Friday, January 15, 2010

Shingles and Chickenpox

What is Shingles?
Shingles also known as Herpes Zoster, is a condition commonly associated with people over 50 who have had the chickenpox virus at some time in their life. Shingles is not the same virus that causes cold sores or genital herpes. Studies show that 2 out of 10 people will experience shingles, which is usually brought on by stress and a low immune system. Many people only experience shingles one time, but for some it is a very painful reoccurring condition. In very few cases where the symptoms last longer than a month, nerve damage may occur.

Shingles is actually the same virus as chicken pox. After a person has chicken pox, the virus doesn't actually go away. It lays dormant in your nervous system and only shows up when the immune system can no longer keep it at bay. Shingles, or Herpes Zoster, attaches itself to a specific nerve in your nervous system and it follows those nerve fibers when it becomes active.

What are the Symptoms of Shingles?
A flare up of shingles can be very confusing for the person experiencing the symptoms for the first time. Typically the symptoms range from a burning or tingling sensation to an extreme sensitivity of the skin, and is typically on one side of the body. The pain can be internal or external. Occasionally a fever or headache may accompany this pain. In most cases a red rash with blisters appears a few days after the onset of pain. Shingles is contagious while these blisters are active and can be passed on to other people as chicken pox, if they have not been exposed in the past.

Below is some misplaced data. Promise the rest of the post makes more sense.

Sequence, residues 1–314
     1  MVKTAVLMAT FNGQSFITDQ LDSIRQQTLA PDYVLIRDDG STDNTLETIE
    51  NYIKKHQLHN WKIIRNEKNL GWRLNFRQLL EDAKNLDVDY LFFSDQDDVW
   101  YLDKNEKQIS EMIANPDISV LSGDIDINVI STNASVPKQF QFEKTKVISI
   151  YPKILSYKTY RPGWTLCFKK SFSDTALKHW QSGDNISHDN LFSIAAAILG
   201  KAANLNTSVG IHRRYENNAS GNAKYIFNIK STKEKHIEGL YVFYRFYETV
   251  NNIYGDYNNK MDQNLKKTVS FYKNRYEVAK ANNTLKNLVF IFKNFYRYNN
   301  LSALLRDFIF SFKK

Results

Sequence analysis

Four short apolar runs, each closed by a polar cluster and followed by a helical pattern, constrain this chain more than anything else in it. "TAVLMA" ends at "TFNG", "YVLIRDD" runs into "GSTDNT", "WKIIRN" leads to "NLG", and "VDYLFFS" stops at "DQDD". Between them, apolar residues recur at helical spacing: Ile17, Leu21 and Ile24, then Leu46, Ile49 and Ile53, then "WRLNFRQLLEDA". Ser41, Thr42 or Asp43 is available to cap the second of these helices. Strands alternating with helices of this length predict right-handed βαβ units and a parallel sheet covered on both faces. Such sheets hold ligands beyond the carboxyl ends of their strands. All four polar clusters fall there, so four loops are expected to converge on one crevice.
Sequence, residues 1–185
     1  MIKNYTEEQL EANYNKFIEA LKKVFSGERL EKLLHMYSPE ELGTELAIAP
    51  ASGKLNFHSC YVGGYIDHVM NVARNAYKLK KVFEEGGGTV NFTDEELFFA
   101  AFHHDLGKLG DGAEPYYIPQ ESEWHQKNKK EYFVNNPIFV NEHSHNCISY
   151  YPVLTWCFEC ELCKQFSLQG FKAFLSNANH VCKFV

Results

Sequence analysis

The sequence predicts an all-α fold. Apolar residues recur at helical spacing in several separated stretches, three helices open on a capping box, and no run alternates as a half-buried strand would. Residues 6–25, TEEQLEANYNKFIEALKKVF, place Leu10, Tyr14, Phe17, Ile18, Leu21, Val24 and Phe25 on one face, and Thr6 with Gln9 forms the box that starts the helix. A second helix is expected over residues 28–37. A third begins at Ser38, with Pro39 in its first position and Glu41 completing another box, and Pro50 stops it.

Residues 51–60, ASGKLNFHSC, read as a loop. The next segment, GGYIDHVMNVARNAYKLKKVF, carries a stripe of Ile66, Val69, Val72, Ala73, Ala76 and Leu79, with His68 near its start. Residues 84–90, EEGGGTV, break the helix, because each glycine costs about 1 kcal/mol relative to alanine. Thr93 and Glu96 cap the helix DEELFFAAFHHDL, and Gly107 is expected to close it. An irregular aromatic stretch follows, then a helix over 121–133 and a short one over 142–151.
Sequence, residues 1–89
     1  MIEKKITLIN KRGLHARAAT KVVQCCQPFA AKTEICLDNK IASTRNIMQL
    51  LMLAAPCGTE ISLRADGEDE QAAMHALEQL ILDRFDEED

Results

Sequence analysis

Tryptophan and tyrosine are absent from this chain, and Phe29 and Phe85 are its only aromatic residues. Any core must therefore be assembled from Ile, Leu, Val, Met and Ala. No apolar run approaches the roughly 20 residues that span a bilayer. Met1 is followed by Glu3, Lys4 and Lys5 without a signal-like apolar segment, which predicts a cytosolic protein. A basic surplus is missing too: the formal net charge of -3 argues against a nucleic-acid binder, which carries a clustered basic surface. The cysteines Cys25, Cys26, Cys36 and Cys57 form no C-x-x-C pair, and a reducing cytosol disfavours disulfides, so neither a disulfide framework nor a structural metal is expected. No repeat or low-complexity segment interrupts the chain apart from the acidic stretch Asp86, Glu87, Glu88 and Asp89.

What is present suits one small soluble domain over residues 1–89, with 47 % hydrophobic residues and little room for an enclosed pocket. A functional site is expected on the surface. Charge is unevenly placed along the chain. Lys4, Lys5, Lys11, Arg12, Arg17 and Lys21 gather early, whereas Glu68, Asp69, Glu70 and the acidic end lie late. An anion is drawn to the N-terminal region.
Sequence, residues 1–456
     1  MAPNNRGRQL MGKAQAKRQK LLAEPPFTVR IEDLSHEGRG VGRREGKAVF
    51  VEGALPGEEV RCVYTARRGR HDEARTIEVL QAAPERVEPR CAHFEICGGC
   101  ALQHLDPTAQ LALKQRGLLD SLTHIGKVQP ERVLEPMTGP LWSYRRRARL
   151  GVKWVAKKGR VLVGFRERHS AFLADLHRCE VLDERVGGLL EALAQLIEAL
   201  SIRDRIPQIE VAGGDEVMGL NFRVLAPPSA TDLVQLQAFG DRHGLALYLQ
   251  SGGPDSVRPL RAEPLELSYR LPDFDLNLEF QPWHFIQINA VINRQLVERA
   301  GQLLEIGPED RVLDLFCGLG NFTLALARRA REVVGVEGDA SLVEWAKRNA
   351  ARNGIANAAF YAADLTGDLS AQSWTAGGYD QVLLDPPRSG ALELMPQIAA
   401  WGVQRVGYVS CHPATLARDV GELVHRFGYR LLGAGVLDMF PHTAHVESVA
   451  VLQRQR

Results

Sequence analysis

The location of shingles can be on any part of the body but most often occurs on the trunk or buttocks. Occasionally it will appear on the face or neck, these cases are monitored very closely so that they do not affect the eyes.

What Should I Expect if I Have Shingles?
Most cases of shingles will subside within a couple of weeks, however with weakened immune systems, such as seen with HIV or cancer, it may last longer or symptoms may be considerably worse. If you have a weakened immune system or suffer from autoimmune condition you should discuss this with your physician.

What Treatments are Available for Shingles?
In most cases the virus must run its course, and leaves no lasting effects on the patient. Cold compresses and pain relief is the most common treatment, but homeopathic medicine does offer a tincture to reduce the duration of the flare up and pain associated with the nerves. We also recommend that our patients take Monolauric Acid as a supplement to help combat the virus itself, and receive spinal adjustments to restore biomechanical and neurological integrity.

If you are one of the few who has reoccurring shingles symptoms our doctors would recommend reducing the stress level in your life and nutritional supplements to help your immune system fight off this virus naturally. Of course if you have active blisters from shingles try to avoid coming in contact with people who may not have had the virus.

Please feel free to call our office for more information.

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